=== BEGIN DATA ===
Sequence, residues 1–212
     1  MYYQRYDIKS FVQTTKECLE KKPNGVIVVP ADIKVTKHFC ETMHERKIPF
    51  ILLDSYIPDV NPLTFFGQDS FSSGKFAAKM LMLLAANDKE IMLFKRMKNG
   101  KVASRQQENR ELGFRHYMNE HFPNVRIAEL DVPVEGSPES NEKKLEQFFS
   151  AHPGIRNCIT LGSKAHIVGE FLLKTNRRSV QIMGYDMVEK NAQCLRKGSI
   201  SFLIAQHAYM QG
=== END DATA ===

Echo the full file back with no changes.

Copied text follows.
Sequence, residues 1–212
     1  MYYQRYDIKS FVQTTKECLE KKPNGVIVVP ADIKVTKHFC ETMHERKIPF
    51  ILLDSYIPDV NPLTFFGQDS FSSGKFAAKM LMLLAANDKE IMLFKRMKNG
   101  KVASRQQENR ELGFRHYMNE HFPNVRIAEL DVPVEGSPES NEKKLEQFFS
   151  AHPGIRNCIT LGSKAHIVGE FLLKTNRRSV QIMGYDMVEK NAQCLRKGSI
   201  SFLIAQHAYM QG